SaGa games have a weird place in the Square Enix canon, especially over here in North America. They’re games that look like your standard, old school JRPG romp, and even share a lot in common with the bigger games like Final Fantasy. But beneath the surface, SaGa games are far more interested in veering off the beaten path.

When JRPGs were just barely starting to build up steam here, Square’s more experimental titles weren’t even allowed to stand on their own, having Final Fantasy branding bolted on like a marketing Frankenstein.  

That’s why this release, Collection of SaGa: Final Fantasy Legend has such a bizarre title. SaGa is just SaGa, except for when it was Final Fantasy Legend, much like the first Mana game was branded as Final Fantasy Adventure.

The early years of the Game Boy was a smorgasbord of experimentation and licensed anime puzzle games, and SaGa was Square’s first shot at a handheld RPG. The project was led by Akitoshi Kawazu, who remains at Square Enix today and was the combat designer for the infamous Final Fantasy II.

That context is important, because you can trace the ideas you’ll encounter throughout SaGa’s lifespan back to that game.

Collection of SaGa Final Fantasy Legend Review 

Final Fantasy II is often seen as the “worst” one, by fans at least over here in the west. It’s harder to tell in Japan without being there, but it’s certainly been re-released several times.

It’s a controversial sequel, because it tossed aside JRPG conventions in favor of being more obtuse, forcing fans to think differently about their approach to getting stronger. While Final Fantasy dropped Kawazu’s systems right after, they lived on in the games represented in Collection of SaGa.

What you’re looking at here is a pretty straightforward set of Game Boy games, the first three “Final Fantasy Legend” titles, or SaGa if you swap over to the Japanese menu. The emulator wrapper offers a few goodies, such as a collection of cute borders and a couple screen size options.

You can even hold your Switch in “Tate Mode” and use virtual buttons as if you’re playing a Game Boy. Each game also has a speed setting, which is probably my favorite part. 

Many retro compilations or re-releases have speed-altering options, such as the battle speed settings in recent Final Fantasy ports. But in Collection of SaGa, setting the games to “fast” doesn’t interrupt the form or function.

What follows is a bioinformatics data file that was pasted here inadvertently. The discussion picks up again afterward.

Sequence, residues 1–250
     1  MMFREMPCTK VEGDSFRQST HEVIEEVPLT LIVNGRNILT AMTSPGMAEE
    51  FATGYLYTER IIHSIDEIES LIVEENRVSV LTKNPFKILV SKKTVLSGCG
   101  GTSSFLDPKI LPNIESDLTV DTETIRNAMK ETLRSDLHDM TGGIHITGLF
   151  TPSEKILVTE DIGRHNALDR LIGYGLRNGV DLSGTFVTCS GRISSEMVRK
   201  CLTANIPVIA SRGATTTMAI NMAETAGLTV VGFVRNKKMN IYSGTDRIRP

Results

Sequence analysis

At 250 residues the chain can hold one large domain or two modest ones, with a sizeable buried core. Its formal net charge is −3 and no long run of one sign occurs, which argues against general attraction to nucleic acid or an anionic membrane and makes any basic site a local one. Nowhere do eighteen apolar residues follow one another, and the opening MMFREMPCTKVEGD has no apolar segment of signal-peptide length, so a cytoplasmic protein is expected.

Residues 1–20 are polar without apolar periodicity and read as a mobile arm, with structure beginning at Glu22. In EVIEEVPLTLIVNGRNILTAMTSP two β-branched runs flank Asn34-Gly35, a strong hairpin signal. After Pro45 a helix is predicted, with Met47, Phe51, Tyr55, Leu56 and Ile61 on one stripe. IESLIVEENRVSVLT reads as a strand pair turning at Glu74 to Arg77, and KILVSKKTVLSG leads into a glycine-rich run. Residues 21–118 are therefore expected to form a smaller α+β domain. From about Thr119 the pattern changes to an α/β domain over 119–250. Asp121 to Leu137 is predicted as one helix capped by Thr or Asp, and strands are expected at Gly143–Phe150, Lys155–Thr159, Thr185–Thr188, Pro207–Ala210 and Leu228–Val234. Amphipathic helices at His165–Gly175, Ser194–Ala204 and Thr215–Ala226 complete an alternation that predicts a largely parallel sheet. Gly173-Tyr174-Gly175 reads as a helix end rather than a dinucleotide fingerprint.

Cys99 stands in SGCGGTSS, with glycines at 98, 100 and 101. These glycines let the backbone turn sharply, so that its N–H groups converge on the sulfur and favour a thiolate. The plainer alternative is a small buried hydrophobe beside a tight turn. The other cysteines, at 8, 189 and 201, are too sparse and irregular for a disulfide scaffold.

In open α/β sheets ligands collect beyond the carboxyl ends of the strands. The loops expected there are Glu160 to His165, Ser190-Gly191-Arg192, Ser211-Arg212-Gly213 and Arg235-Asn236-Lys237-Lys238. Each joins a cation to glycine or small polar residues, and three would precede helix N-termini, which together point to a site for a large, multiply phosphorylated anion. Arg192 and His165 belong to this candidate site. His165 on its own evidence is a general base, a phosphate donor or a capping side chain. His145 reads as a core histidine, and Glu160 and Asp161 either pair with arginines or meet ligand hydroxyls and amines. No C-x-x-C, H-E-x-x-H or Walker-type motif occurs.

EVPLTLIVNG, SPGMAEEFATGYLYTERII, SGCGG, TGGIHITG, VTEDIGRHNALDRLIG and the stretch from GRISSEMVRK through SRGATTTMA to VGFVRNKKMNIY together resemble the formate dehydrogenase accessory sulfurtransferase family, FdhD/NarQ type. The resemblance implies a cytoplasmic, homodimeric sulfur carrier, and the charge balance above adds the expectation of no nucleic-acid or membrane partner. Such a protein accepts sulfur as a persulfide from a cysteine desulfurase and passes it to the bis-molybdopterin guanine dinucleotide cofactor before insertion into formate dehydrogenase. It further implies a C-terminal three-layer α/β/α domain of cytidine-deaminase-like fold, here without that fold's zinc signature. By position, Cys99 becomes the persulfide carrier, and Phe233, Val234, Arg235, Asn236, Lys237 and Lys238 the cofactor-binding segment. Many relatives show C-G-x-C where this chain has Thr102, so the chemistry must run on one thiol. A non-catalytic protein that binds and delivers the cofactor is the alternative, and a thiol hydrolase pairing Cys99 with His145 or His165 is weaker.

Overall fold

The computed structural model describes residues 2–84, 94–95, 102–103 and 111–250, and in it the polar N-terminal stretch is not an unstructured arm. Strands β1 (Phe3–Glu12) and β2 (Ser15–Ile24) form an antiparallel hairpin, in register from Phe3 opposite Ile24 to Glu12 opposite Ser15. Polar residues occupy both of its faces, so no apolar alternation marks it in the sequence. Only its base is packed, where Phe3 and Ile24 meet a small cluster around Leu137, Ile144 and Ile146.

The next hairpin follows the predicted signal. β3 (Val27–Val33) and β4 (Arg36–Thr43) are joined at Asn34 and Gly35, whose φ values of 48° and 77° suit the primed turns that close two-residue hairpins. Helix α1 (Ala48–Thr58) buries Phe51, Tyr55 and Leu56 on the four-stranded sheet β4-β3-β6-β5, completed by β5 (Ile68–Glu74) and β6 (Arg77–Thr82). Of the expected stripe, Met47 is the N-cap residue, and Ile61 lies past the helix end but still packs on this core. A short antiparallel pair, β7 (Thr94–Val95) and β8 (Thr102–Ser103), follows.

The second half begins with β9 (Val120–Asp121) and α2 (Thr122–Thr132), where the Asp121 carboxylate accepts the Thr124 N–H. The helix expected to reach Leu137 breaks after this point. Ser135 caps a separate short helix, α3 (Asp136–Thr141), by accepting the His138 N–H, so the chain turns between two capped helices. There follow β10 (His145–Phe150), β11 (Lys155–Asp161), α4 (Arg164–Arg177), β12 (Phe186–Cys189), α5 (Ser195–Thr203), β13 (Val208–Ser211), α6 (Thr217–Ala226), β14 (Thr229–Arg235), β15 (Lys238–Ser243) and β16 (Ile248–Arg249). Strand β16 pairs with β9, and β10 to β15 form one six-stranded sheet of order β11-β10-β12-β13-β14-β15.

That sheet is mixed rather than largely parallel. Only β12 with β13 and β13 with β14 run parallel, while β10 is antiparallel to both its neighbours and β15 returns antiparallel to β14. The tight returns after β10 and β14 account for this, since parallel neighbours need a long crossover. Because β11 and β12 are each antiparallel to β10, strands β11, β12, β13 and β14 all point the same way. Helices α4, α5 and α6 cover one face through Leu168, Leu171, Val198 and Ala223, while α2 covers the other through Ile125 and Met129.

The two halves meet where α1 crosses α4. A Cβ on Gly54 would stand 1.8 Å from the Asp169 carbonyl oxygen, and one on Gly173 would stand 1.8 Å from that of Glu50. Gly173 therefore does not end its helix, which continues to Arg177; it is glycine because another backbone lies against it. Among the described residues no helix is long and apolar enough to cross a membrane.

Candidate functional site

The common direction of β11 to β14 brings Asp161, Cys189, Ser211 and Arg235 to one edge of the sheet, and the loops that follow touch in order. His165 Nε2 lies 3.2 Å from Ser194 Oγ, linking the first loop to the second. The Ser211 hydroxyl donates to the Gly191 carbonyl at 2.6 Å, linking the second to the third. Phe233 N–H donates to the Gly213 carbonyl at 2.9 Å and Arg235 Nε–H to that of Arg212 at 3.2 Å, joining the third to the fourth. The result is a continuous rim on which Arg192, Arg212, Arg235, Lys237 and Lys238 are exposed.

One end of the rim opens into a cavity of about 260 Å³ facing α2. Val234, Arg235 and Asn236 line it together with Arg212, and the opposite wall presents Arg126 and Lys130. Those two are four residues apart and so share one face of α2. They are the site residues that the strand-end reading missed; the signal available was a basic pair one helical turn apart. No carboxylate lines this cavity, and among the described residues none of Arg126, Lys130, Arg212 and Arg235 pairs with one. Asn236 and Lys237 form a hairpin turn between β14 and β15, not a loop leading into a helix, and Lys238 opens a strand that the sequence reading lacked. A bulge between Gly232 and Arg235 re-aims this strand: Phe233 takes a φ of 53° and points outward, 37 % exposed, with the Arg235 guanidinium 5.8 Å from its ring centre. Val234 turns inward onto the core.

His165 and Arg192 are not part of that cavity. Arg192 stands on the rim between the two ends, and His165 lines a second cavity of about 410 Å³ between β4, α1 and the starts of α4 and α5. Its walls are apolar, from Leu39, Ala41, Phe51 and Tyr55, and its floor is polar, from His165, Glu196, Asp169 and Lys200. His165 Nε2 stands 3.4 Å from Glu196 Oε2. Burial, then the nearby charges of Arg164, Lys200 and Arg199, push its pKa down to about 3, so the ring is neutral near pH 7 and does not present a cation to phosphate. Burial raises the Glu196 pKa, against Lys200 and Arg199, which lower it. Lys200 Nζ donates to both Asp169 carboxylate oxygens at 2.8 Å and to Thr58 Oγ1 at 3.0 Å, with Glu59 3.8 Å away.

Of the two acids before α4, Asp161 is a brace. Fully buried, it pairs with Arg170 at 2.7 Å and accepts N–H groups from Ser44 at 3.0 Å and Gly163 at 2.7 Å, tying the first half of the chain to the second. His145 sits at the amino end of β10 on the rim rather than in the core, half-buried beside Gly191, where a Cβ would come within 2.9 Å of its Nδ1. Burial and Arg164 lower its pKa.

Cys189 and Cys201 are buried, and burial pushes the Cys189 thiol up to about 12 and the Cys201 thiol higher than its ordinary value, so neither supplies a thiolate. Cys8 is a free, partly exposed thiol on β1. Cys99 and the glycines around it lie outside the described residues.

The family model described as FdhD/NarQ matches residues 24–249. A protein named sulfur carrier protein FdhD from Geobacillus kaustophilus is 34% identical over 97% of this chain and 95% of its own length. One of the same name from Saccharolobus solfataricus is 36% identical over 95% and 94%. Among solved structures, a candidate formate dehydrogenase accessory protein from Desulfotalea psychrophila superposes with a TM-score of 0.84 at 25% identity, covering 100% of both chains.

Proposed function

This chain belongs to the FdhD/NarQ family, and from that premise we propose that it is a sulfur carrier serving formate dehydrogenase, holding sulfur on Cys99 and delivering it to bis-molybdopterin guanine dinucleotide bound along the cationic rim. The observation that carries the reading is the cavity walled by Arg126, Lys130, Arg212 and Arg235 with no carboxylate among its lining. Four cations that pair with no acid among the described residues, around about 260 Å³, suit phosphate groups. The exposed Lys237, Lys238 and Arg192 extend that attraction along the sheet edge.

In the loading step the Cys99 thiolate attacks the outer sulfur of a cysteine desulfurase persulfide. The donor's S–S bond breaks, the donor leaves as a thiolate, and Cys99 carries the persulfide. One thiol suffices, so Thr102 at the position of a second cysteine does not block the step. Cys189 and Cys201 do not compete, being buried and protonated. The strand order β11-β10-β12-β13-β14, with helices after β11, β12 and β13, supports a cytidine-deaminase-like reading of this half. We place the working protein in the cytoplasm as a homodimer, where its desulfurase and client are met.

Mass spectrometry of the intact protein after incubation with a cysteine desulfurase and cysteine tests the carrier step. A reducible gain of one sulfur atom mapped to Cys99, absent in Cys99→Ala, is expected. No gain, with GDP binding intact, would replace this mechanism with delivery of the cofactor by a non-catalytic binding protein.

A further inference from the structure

Your characters just move more quickly than they did in the original games, but otherwise the music, visuals, and structure remains intact. It’s basically a walk speed hack that doesn’t touch anything else. It’s great because while I love these games they can be painfully slow, but I also don’t vibe with emulator settings that alter the experience. 

Once you pick a game, you’ll be playing the Final Fantasy Legend series in its originally localized form. So you’ll be dealing with creaky old Game Boy localization tropes, such as words smashed into themselves and strange text cadence from memory constraints.

If you can read Japanese you’ll be able to check out the more pure vision, but ultimately the charm of Game Boy games is partly how much could be crammed into each project.

 

If you’ve never played these games before, you’re going to have a hurdle to pass over. You will be given choices that have no explanations, and it’s entirely up to you to decipher everything you run into from shops to using key items. This would be easy in a more traditional, Dragon Quest-like game, but SaGa wields its obscurity like a cudgel from the start.

Choosing a class determines each of your party members’ progression structure, and many of those structures depend on RNG. Unless you’re a human in SaGa 1, in which case you just pump them full of drugs. It’s hard to tell if that’s a reflection of healthy nutritional intake or PEDs, but I like to think it’s a little of both.

There’s no shame in using a guide to get through SaGa games. They do better with onboarding as time goes on, but these first three are pretty unfriendly, dropping you into systems you may have never seen before without a clue. But for me, guide or not, there’s an odd appeal to figuring out how those systems work, and turning that knowledge into a journey of self-improvement.

It isn’t like a Dark Souls or whatever in which you’re getting better as a player through failure. Instead, it’s more like deciphering a new language or methodology, then using that knowledge to find out how strong you can get.

 

It’s a grind, but a grind that’s more mentally engaging than just passively collecting experience points. You’re constantly paying attention to what’s happening in fights, making sure to keep track of any changes that happen, such as your mage characters learning and forgetting new spells, or the results of feeding your monster a new kind of meat.